Two weeks ago an enraged mob swarmed three federal police officers in the Mexico City suburb of San Juan Ixtayopan, beat them nearly lifeless then burned two of them alive while thousands watched live on national television. The locals who committed the crimes thought the victims were kidnappers. The incident, which received global press coverage, was deeply embarrassing to Mexican government officials, who were still in damage-control mode last week. Mexicans themselves continued to grapple with the social implications of the crime. Authorities moved quickly to arrest 29 people, some of whom had been caught by the TV cameras pouring gasoline on the police officers or, in one case, apparently touching a lighter to the gasoline-soaked victims. President Vicente Fox fired Mexico City's chief of security, Marcelo Ebrard, for mishandling the crisis, but not before tersely announcing a "zero tolerance" policy toward what many fear is a rising tide of vigilantism in the country. "My government will not permit these savage acts [that] put our society in danger," Fox told reporters.

Dramatic as it was, the cop killings were not an isolated incident. Vigilantism has taken root in Latin America over the past decade, lending credence to the notion that the region is in the throes of a democratic crisis. From Venezuela and Guatemala to Bolivia and Peru, angry crowds are increasingly taking the law into their own hands, meting out physical punishment for crimes real and imagined. Vigilantes often "lynch" common criminals who, in their view, have escaped justice. More recently they've started attacking public officials suspected of malfeasance. Last May a mob in the Peruvian town of Ilave beat their mayor after accusing him of embezzlement, then dragged him into a public square and left him to die. "Lynching has grown totally out of control," says Mark Ungar, an expert on Latin American police reform at the Woodrow Wilson International School for Scholars in Washington. "It's spreading in the sense that vigilantes are going after criminals, officials, even governments--and once it starts it's hard to stop."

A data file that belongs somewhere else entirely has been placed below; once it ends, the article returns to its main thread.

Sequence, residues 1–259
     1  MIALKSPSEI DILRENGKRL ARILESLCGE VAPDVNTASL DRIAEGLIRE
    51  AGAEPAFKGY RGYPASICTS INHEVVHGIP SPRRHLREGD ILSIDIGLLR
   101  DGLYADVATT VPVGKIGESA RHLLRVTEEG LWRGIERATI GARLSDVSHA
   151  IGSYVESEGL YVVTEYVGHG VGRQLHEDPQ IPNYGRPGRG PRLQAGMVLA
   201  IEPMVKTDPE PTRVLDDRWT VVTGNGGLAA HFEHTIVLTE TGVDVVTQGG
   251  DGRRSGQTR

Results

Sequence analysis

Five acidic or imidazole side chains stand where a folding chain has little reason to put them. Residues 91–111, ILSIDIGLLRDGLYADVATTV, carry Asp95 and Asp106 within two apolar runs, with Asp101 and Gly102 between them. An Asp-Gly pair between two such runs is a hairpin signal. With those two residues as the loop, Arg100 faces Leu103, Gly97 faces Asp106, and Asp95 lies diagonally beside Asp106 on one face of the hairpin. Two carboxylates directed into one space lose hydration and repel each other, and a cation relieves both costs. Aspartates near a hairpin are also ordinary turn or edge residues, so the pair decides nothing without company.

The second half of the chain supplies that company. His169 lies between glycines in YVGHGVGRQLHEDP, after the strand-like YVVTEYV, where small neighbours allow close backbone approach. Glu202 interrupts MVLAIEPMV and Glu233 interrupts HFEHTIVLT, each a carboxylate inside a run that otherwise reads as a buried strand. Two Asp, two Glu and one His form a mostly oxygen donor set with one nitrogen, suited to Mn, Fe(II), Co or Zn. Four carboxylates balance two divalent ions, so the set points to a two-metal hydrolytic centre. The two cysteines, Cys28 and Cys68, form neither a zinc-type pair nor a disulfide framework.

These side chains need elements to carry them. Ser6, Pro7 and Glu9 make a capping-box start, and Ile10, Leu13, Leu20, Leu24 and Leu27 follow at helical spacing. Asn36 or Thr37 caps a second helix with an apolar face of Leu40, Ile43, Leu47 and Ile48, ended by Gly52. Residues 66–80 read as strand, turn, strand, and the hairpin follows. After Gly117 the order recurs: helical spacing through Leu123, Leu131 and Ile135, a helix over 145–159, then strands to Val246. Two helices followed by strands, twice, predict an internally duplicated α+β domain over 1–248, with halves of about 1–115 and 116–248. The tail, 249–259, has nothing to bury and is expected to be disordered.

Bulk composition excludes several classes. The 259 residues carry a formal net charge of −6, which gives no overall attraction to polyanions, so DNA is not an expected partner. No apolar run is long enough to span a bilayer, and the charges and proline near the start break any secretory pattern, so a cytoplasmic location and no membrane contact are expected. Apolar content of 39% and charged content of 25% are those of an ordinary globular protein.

Mob justice has a long history in Latin America, reaching as far back as colonial times. The first victims were Indians and slaves who violated the social order, property or "honor" of their New World masters. Indigenous communities have long used societal coercion and public shaming to punish community members who breach customs. More recently, however, economic stagnation, unabated corruption and a growing dissatisfaction with democracy are leading the region down a more perilous path. The U.N. Mission to Guatemala documented 482 lynchings between 1996--when the civil war ended--and 2002. Nearly all were carried out in rural, otherwise low-crime areas and involved the public burning or hanging of thieves or drug dealers. Bolivia has seen an alarming rise in vigilante justice, centered in the Altiplano (highlands) region.

Experts generally agree that vigilantes are not merely filling a law-and-order gap created by poor or nonexistent police work. The phenomenon is more complex. The western highlands of Guatemala, where many incidents of lynching occur, is not an area with an otherwise high rate of official crime. Rather, vigilantism is most prevalent in places where people have lost faith in their civic institutions. They no longer trust the police or judicial officials to care about their duties or the people they've been entrusted to protect. Indeed, corrupt police are part and parcel of the problem. A neighborhood protection group in Honduras recently told Ungar that they pulled people out of their houses frequently "and beat the hell out of them"--often while the local police were watching. Says Ungar: "The local officers allowed it to happen."